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Thursday Rev-Up: Orlando

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Stewart led Carmichael in his heat race (here) and the main at Daytona before crashing
Hello, everyone, and welcome to the Rev-Up. Ricky Carmichael has said “The real season starts after Daytona.” And if you read Bad Billy’s Bench Racing Ammo, you can see why he might enjoy that thought process! On the other hand, the GOAT hasn’t typically enjoyed success in the second half of the season since the arrival of Chad Reed, who, in return, always kicks it up a notch. In fact, Reed handed Carmichael six losses in a row to close out the 2003 season. In addition, Carmichael did not enjoy victory for the entire second half of his 2005 SX championship tenure.

As we reach the second half of the most incredible supercross season we have maybe ever seen, it’s a long way from being over. Yes, Chad has a wounded wing and Bubba still has to be sore from that horrific slam he took on lap three at Daytona, but as we have seen so far this year, anything can happen. The weather across the country has been downright strange, and we could see another mudder in the weeks to come. We could also see another machine break like RC’s did in St. Louis, or a first-turn crash as James has so often found out.

Ricky has the reins (albeit by just two points) as the boys head to Orlando—a race Chad Reed won last year. Let’s shake up the typical Rev-Up formula and do a little synopsis of that incredible delayed-live show we took in last Friday night, but still make sure we are Revved Up for Orlando!

The Show

Thomas Hahn won his first 250F heat race at Daytona
We hit one out of the park last Friday night. This might be a bold statement, but I believe Speed Channel’s broadcast of the Daytona SX might have been among the sport’s finest two hours ever. They made us look like a professional sport, chock full of history, passion, and drama. The David Bailey and Ricky James segments were heartwarming and inspiring, yet served as a bold reminder of the danger supercross entails. The Jeremy McGrath segment was also really cool in my opinion; it showed how our sport actually does have some depth to it after retirement. Coupled with having the original Bad Boy of Supercross, Ricky Johnson, in the booth with Dave Despain, I just thought the entire broadcast gave supercross a much-deserved glow and shine. I was saying to myself, Man, look at Bailey riding again with his elbows up! Check out Super Mac still kicking ass out there! And listen to RJ tell it like it is!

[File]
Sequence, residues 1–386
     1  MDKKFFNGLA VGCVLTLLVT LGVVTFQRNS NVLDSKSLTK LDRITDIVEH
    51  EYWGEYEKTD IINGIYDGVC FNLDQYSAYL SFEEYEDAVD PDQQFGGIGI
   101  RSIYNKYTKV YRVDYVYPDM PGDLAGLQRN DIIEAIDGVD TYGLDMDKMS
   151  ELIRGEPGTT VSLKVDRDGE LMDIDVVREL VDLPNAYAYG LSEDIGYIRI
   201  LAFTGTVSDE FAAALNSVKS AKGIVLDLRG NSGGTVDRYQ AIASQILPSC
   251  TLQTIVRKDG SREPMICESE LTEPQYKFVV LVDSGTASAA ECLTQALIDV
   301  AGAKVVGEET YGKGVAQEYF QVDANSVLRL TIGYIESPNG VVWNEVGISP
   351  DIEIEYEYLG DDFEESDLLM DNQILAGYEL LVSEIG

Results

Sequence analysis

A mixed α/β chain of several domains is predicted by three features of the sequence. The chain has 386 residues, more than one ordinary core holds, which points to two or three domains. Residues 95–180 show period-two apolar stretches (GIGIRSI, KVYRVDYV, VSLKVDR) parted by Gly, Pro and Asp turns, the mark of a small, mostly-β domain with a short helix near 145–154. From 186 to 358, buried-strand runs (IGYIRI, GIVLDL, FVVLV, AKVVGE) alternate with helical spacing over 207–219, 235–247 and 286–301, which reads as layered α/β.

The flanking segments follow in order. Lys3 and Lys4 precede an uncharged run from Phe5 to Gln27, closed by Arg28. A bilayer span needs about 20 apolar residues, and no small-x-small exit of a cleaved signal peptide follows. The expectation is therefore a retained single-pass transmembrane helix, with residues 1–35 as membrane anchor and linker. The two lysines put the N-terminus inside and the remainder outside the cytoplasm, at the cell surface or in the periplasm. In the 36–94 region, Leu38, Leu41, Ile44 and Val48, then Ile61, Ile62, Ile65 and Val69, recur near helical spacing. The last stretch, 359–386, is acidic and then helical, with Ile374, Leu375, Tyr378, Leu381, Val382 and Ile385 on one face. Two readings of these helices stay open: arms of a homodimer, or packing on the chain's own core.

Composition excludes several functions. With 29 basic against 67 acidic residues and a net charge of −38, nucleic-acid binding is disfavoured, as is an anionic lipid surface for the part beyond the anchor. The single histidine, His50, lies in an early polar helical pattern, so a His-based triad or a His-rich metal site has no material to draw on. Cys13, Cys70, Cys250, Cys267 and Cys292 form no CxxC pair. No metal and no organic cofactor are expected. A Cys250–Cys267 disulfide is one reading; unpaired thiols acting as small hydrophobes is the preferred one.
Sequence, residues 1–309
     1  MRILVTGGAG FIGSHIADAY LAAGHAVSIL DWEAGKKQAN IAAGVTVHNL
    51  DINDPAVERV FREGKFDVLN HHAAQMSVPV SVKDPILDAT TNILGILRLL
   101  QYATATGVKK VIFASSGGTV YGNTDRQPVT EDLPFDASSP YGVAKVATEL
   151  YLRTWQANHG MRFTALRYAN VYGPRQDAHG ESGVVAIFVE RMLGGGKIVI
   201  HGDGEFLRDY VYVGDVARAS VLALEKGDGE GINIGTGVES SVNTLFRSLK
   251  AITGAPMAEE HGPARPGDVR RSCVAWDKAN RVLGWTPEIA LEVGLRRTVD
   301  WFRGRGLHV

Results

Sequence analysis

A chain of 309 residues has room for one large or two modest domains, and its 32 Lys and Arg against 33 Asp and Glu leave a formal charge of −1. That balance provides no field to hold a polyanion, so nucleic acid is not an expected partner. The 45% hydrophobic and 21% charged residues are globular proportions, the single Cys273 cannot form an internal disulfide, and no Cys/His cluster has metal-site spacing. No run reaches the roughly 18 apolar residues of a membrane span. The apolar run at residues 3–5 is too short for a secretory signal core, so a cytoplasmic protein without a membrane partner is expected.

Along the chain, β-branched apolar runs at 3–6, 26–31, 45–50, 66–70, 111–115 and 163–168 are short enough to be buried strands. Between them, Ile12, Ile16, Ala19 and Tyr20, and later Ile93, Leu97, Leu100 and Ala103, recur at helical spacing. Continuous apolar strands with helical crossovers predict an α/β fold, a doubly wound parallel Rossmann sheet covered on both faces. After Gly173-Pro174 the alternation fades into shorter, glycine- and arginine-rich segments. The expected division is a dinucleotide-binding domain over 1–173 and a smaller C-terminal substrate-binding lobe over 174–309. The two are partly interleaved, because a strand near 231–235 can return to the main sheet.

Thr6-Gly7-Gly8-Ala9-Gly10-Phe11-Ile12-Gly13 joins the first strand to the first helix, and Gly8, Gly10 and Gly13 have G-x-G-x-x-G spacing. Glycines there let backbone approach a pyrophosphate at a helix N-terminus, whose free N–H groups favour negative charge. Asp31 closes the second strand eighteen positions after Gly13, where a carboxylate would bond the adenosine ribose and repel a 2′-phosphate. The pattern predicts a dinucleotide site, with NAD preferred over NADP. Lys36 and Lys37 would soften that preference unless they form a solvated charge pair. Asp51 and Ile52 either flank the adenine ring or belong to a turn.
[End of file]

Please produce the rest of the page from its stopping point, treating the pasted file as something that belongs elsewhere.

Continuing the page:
And how about the camera work? The first time I saw the “Rhino Cam” capture a shot of Travis Pastrana straight flattening out those hip-high whoops, my eyes about shot out of my head! That awesomeness could only be topped by the helmet-cam shot of said maniac hucking his ill-fated backflip. Then came the showstopper: I seriously flinched off the couch when I saw and heard TP’s RM-Z450 throw him off and punish him—any old pro knows that sight and sound. Although, thankfully, very few have ever carted in the whoops that hard. For the love of Pete, Travis, stop doing that.